How to take good pictures

Now let’s talk about taking pictures. At this point in this free course you should have learn most of the preparation before we actually start taking pictures. Now you will learn how to take pictures. But we will discuss the artistic part later. Right now you need to start with the way you hold your camera. This is the first step.

How to hold your camera

To know how to hold your camera is so important. The way you do it can predict whether the shoot will be good or blurry. Many blurry pictures happen because of camera shake. We humans are not as stable as a tripod, we have natural shaking even though you may not notice it. Cameras can notice very slight movements when taking pictures. The more stable you hold your camera the better the results.

How to hold DSLR, MILC, and bridge cameras

Take a look at these images to understand the proper way to hold a DSLR camera.

Use your right hand to grip the side of the camera. Most DSLRs in the market have created grips to fit the hand of the photographer. Use that specific design feature, but don’t grip too hard. Place your right index finger slightly above the shutter release button so that you don’t have to shift your pointer finger and you will be ready to shoot photos.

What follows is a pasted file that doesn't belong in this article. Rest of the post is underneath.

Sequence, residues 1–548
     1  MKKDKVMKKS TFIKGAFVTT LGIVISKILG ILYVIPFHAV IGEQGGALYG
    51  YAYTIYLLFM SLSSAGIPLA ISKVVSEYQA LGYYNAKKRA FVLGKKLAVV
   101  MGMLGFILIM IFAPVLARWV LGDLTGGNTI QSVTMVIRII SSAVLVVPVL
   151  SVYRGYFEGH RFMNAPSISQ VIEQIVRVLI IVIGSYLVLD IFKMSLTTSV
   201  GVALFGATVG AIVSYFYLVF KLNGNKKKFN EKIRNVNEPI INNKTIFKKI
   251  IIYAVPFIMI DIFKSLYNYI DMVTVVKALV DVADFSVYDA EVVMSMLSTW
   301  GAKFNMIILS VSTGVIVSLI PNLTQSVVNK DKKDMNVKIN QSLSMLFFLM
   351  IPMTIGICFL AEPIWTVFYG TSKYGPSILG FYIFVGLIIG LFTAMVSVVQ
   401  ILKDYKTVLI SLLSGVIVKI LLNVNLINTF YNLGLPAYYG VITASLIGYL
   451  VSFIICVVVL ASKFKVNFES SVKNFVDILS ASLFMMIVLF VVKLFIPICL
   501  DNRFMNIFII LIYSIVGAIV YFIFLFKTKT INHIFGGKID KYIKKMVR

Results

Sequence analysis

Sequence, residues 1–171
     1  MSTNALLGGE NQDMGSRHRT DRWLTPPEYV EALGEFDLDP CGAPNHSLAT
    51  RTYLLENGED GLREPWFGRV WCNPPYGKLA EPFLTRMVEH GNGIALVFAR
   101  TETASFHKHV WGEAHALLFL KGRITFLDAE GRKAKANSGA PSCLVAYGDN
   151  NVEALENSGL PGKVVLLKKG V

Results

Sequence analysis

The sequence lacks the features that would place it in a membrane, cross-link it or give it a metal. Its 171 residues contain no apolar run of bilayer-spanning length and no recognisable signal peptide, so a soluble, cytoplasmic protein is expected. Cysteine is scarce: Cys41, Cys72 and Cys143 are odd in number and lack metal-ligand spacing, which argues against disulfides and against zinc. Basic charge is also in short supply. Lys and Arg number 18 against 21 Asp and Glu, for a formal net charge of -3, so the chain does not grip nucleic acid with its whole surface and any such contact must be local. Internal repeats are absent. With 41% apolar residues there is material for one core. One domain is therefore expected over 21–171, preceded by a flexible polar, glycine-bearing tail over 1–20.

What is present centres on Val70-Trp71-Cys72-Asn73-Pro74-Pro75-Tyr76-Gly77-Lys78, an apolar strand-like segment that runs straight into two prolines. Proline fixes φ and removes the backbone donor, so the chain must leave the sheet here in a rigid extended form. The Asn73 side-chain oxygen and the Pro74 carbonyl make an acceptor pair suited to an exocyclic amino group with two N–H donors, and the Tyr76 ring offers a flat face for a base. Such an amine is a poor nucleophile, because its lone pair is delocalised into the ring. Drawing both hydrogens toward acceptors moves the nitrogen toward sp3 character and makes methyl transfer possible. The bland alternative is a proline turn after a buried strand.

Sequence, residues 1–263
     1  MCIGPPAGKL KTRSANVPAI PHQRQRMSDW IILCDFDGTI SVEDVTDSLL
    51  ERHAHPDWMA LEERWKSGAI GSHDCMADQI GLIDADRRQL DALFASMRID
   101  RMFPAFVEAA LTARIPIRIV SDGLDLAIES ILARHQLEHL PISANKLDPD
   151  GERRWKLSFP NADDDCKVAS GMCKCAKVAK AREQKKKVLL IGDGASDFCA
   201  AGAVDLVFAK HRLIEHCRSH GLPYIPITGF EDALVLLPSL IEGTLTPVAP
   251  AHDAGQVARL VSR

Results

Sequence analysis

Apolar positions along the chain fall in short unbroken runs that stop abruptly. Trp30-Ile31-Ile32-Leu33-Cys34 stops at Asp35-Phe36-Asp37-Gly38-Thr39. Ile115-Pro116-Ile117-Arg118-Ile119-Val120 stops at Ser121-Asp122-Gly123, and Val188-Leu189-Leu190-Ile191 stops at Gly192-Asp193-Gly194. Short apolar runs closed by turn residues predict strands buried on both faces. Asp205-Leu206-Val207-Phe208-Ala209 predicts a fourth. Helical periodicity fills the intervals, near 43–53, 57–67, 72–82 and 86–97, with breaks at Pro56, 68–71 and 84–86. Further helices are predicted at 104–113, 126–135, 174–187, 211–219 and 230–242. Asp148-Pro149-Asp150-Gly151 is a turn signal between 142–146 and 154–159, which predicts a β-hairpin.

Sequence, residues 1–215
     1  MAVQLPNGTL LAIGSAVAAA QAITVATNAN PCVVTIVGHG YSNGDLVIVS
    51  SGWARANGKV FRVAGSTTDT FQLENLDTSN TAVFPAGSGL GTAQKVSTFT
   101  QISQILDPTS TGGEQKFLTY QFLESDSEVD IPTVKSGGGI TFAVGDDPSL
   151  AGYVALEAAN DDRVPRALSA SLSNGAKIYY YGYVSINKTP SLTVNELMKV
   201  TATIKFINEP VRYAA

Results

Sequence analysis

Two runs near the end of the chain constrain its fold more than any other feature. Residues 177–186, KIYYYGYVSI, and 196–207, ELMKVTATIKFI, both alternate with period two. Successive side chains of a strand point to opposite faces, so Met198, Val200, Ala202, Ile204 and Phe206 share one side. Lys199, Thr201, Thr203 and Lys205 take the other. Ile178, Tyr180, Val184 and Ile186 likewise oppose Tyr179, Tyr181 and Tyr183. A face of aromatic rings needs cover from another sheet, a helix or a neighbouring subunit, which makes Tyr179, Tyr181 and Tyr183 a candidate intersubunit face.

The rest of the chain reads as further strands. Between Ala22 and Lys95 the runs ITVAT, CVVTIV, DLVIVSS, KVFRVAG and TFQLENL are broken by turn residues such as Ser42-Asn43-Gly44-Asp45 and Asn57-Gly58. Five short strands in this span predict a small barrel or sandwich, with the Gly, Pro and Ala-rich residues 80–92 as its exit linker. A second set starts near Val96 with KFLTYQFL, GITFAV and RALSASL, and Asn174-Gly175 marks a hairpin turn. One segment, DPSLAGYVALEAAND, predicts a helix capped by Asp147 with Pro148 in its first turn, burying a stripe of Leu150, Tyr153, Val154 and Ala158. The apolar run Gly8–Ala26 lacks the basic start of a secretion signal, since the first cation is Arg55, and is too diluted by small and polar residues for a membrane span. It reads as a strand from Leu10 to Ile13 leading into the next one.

Place your left palm under the camera, as it will be receiving the weight of your camera. Keep your left thumb, left index and middle finger near the zoom ring and focus ring. This will make it easier for you to zoom, focus, and shoot while keeping things stable.

Keep your right foot forward a little to give you a more stable ground. Keep in mind to have a stable footing and keep your weight centered.

Before pressing the shutter button you may want to minimize or if possible prevent any movements from your body. Some photographers take a breath first then hold the air in, shoot then exhale, some prefer doing the breathing technique in reverse, but it’s up to you how you want to take your picture.

There are some instances that even if you keep very still, while holding your camera the image still becomes blurry. Low light environment, slow-shutter speeds and sometimes a heavy lens that can cause you to move may affect your images. Adjusting some camera settings and/or using tripods and monopods are the best way to go for these situations.

How to hold a point-and-shoot camera

Holding a point-and-shoot camera also involves using both hands. Don’t hold it as a DSLR camera, instead you put both hands around it and hold it firmly with your elbows tucked in. You also need to bring the camera closer to your body. You must feel the weight of your body well balanced.

Also once you develop some experience you will need to brake some rules on how you hold your camera because of particular circumstances. But that’s another story for now. Let’s now move on to camera modes!


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